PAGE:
Economía Circular

The Potential of Organic Waste

1. A multitude of ‘by-products’ and waste are gathered for use in anaerobic digestion. These include vegetative waste, most slaughterhouse waste, animal waste from agriculture and organic househould waste, and other sources will be able to be used in the future. The findings of a project by Biodecol launched in 2009 by the Cemagref in Rennes found that combining these resources for collective use encourages an economy of scale and produces a much better yield of biogas. This goes hand in hand with ‘Grenelle II’, a law that came into force in January 2012, which has meant the food-production industry and the restaurant industry – between them producing 120 tonnes of waster per year – are required to meticulously sort their recycling for this reason.

2. Anaerobic digestion plays a major role in this whole process, and consequently is very complex to set-up. It requires a very precise chemically-balanced environment where microorganisms can be added to begin digesting the feedstock anaerobically. A lack of oxygen induces the organic matter to start fermenting, and this produces methane and heat. Once purified, the methane becomes biogas and a source of renewable energy has been created. This biogas can either be put into the natural gas network or used to produce heat and electricity in cogeneration plants. We can now see that biogas is a viable alternative to fossil fuels which makes real use of unwanted organic waste. By 2020, nearly 1300 new facilities will be built in France – this has the potential of powering 800,000 homes with renewable energy.

3. Once the bigoas is extracted from the digester, there is a large amount of organic matter which remains – the ‘digestate’. This crude product still contains nearly all its major mineral elements N – Nitrogen, P – Phosphorous, K – Potassium and other ‘trace elements’ which are two key ingredients in agricultural fertiliser. In order to use these newly formed fertilisers in the most efficient way, the constituent parts are separated to create two liquid parts and one solid part which will be composted.

4. One of the liquid extractions contains 80% nitrogen and the other is a mixture of ammonia water and more than 90% potassium. These fertilisers are just as easy for farmers to use and are absorbed easily by their crops, and most importantly, they replace the usual fertiliser supplied by the chemical industries who are intensive users of both materials and fossil fuels energy. This approach however, must take into account the requirements of the crop and soil. Using the liquid by-product of anaerobic digestion to restore natural capital to soil is a step forward in finding a way to produce fertiliser from a waste resource, keeping nutrients in a cycle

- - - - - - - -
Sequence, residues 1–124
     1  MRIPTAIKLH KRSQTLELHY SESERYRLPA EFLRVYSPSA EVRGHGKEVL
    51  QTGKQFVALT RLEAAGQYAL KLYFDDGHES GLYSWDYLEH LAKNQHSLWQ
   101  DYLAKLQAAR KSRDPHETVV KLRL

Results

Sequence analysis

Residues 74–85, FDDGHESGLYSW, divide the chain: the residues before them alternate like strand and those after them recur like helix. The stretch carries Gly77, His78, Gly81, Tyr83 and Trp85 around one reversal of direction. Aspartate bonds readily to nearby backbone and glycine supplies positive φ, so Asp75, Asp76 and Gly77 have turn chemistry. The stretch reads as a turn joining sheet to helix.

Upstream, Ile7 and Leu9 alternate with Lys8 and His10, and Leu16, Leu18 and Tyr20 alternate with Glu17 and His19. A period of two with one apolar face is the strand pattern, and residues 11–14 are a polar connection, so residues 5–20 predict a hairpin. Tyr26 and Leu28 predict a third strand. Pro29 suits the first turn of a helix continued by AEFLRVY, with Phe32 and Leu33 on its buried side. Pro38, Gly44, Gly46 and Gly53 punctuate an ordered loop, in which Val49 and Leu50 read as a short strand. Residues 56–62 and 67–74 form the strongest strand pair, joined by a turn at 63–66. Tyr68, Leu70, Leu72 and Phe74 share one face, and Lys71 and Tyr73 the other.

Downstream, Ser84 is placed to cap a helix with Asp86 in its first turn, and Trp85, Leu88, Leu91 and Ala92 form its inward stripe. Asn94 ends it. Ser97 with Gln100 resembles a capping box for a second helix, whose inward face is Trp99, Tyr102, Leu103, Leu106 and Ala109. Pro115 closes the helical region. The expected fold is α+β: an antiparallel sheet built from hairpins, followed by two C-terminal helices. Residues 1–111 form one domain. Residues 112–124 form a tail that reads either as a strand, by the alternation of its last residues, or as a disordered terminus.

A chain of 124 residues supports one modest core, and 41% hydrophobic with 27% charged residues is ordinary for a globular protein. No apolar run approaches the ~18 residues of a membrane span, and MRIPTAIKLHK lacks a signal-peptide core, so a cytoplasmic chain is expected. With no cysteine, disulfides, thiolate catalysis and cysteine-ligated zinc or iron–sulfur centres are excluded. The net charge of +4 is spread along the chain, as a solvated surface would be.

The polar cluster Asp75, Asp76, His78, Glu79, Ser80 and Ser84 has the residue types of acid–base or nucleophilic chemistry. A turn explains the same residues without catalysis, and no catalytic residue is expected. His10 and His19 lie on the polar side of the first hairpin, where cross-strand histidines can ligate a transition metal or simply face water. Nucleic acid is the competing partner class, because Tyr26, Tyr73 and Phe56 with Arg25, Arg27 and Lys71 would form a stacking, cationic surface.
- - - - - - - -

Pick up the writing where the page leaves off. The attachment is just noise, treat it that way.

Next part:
5. The extracted solid part of the process is rich in organic matter and phosphorous. It undergoes one final process of composting so that it stocks an optimum amount of stable humus, necessary for the health of the crop. Once applied to the crop, the compost will help to prevent erosion in the soil by retaining a healthy amount of organic matter.

Amongst other advantages, this process dramatically reduces the volume of rubbish, and the normal odour associated with raw waste is eradicated through anaerobic digestion. It is also worth noting that this could be an opportunity for agricultural businesses to take a new direction in their exploits by developing their own treatment facility following examples in Germany and Scandinavia. A document by the Comité Biogas Régions describes the various initiatives developed within the EU.

One potential hazard that has been suggested is the excess of harmful minerals in the different phases when forming of the digestate. A preliminary study by Fabienne Muller for ADEME predicts that these fertilisers do not emit any more ammonia than traditional fertilisers. In fact, if inserted deep enough into the soil, very little nitrate and ammonia emission will occur.

Existing biogas plants show that there is still some progress to be made. Fabienne Muller and his field teams, taking samples from places where biogas fertiliser has been used, show there are certain organic pollutants such as dioxins, pesticides, PCB and heavy metals – mercury and lead which have not managed to be filtered out in the extraction process.

As with all new developments, this is a stumbling block that can be overcome. We must remember that this whole process relies on the initial input of waste material – if this already contains harmful or toxic matter, then we cannot expect to produce a pure, toxin-free fertiliser in the end result. It requires both the industry and consumer to change existing habits in order to achieve a safer outcome.

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